When it was advertised that the New York based Acrobuffos was coming to the BroadStage Mainstage for 12 performances of the company’s evening-length work AIR PLAY July 21 to 31, 2022, I had to do my research to find out more about this group. I thought that they must be very special to get a run of 12 performances here in the Los Angeles area. So, thanks to Google, I found a 2 minute and 10 second trailer on YouTube and in just that little amount of time, my question was answered. With the help of Davidson & Choy Public Relations, I fortunately was able to set up an interview on Zoom with the two Co-founders Seth Bloom and Christina Christina Gelsone, both trained in dance, choreography, theater, acrobatics, juggling and circus. Tickets are on sale now.

LA Dance Chronicle generally reviews or writes about concert dance, commercial dance, and a diverse list of other dance forms. Acrobuffos is unique in that it fits in multiple categories that include, for this dance writer, well-choreographed movement. Gelsone describes Air Play as a visual poem and just from watching that very short trailer, I agree.

At the beginning of the interview we chatted about common interests we had, and because Gelsone and Bloom studied dance, they were very aware of the art form that I was and am involved in. One of Gelsone’s first questions to me was, “Are we your first Clowns?”  And indeed they were and I will elaborate to say that they were one of my most enjoyable.

Acrobuffos - Air Play - (L-R) Christina Gelsone, Seth Bloom - Photo ©FlorenceMontmare

Acrobuffos – AIR PLAY – (L-R) Christina Gelsone, Seth Bloom – Photo ©FlorenceMontmare

When I mentioned that what I saw on the trailer was more than circus, they both agreed. “Seth has a degree in dance,” Gelsone said, “and I was a dancer.” After a very brief pause, she caused me to laugh by adding, “You found our deep dark secret.”

She went on to explain that when they approach a new show that incorporates music, they do exactly what many choreographers do. “We visualize the music, and hopefully understand the music in a new and emotional way. And how to use all the different crafts and tools of choreography. To see it mathematically or see it emotionally, although the two are quite close. We throw in what we understand about the physics of theater and we throw in our craft of clowning – we’re still going for the same thing.”

Describing what she felt as a clown versus a dancer, Gelsone mentioned a waltz. As a clown the audience is not locked into a rhythm beginning on the right or left foot, but that she can keep the audience off kilter a bit by taking them in any direction she chooses and change their balance as they are viewing the performance.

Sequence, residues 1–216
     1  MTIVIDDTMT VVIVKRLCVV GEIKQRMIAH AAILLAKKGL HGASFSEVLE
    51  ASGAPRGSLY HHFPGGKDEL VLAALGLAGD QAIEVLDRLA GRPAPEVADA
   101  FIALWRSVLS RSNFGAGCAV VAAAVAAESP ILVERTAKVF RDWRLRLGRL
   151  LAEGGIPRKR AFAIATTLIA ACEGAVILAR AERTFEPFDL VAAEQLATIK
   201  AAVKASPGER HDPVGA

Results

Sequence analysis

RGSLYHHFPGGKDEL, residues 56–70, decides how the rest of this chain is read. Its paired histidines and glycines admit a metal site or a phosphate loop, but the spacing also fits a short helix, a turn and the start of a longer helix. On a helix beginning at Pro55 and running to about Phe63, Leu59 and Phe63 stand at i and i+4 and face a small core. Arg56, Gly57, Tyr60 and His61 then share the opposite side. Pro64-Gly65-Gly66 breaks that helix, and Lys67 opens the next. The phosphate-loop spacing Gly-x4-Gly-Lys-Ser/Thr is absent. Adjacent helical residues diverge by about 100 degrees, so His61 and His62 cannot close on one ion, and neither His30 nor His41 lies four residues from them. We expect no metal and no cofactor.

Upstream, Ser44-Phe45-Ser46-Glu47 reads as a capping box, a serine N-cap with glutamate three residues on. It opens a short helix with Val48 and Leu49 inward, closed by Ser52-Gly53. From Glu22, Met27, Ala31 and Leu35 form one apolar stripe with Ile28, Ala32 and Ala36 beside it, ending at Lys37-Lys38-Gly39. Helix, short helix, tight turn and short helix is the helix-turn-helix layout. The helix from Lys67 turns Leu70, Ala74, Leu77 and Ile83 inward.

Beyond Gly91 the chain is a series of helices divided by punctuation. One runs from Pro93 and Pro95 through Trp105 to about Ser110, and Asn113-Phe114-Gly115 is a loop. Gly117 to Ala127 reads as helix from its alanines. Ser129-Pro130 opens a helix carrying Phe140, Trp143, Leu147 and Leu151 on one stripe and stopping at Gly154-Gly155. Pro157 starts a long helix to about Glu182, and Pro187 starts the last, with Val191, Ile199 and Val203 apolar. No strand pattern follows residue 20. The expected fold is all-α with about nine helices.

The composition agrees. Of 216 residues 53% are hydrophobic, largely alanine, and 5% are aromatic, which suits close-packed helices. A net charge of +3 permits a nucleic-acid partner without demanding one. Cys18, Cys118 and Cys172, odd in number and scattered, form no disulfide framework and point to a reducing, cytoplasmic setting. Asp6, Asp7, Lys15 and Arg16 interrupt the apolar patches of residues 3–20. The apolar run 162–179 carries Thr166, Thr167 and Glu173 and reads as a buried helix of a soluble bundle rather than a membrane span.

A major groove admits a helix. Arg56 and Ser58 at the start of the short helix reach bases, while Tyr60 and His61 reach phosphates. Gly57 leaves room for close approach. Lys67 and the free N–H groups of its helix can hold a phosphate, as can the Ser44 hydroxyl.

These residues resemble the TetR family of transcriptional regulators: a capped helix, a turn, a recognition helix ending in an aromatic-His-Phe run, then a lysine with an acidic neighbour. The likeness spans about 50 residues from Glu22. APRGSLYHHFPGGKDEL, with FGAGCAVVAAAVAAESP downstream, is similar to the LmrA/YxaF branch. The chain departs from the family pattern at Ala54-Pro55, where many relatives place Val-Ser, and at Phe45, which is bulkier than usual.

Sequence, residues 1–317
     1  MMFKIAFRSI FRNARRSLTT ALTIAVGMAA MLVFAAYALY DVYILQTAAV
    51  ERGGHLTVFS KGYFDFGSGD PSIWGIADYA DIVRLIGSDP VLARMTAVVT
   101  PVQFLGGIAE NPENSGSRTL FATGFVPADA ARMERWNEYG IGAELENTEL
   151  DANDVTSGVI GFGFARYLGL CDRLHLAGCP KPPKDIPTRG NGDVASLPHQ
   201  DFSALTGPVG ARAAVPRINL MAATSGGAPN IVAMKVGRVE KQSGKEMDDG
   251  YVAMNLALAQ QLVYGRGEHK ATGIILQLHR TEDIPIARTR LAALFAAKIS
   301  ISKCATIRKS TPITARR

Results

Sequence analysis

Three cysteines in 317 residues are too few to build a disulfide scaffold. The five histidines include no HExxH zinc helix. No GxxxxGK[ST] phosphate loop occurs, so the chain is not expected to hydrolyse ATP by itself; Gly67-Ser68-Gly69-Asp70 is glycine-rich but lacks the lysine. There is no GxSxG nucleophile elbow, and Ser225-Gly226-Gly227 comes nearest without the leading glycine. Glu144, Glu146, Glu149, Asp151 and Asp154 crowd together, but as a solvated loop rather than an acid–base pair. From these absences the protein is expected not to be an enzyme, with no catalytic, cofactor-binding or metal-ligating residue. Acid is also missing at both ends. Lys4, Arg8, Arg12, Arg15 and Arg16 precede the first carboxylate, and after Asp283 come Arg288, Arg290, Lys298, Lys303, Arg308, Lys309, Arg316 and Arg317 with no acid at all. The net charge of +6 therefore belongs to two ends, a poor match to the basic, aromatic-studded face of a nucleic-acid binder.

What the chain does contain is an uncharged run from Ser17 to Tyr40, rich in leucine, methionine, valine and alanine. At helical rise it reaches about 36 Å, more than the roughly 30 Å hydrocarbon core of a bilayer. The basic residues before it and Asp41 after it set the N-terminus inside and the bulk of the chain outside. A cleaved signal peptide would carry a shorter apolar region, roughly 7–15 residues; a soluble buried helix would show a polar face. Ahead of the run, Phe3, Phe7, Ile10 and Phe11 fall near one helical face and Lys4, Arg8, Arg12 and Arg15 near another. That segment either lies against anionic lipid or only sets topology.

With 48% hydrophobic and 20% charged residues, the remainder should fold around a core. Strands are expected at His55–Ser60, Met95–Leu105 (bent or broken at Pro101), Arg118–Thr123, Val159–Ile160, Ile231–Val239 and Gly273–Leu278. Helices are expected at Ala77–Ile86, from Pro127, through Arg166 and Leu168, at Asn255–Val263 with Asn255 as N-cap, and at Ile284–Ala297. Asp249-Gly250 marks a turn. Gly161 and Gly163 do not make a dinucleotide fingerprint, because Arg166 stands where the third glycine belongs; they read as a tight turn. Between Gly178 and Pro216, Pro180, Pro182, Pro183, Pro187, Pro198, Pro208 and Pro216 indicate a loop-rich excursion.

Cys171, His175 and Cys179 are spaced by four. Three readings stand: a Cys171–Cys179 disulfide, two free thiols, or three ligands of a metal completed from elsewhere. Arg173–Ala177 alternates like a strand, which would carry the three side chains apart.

Another connection to the dance world is that of working with visual artists. Merce Cunningham with Robert Rauschenberg, Jasper Johns, Frank Stella and others, or Martha Graham who worked with Japanese-American artist and designer Isamu Noguchi  One of the artists that Acrobuffos collaborate with is Daniel Wurtzel who created the kinetic sculpture “Vortex of Fans” using red and yellow fabrics together and whose work is seen all over the world. One of Wurtzel’s mentors was Isamu Noguchi. “One of the things that he always wanted to do,” Gelsone said,00 “was find someone to collaborate with, to do that same thing of finding something new in both art forms by collaborating.”My next question was wanting to learn the genesis or inspiration for Air Play. “Our history of working together was street theater,” Bloom began. “working outdoor festivals all over the world, with a show that fit in a suitcase where we got guys like you to have a water balloon fight to opera music.” He and Gelsone were looking around for a place to perform indoors when they saw a video of Wurtzel’s Sculptural Air Work and decided that he would be someone interesting to collaborate with. This was in the year 2000. Bloom had attended the same university as Wurtzel, Wesleyan University, so he called him, explained that he and Gelsone really enjoyed his work and could they meet to discuss working together.

“We went to his studio,” Bloom said. “and that started the whole collaboration. It’s a long story, but we worked for five years figuring out how to make a show using his materials. Because we come from a circus background, we felt that we would make a series of bits – like in the circus; you have the clowns, you have the aerialists, you have the jugglers.” “Different acts,” Gelsone added.

Acrobuffos - Seth Bloom in Air Play - Photo ©FlorenceMontmare

Acrobuffos – Seth Bloom in AIR PLAY – Photo ©FlorenceMontmare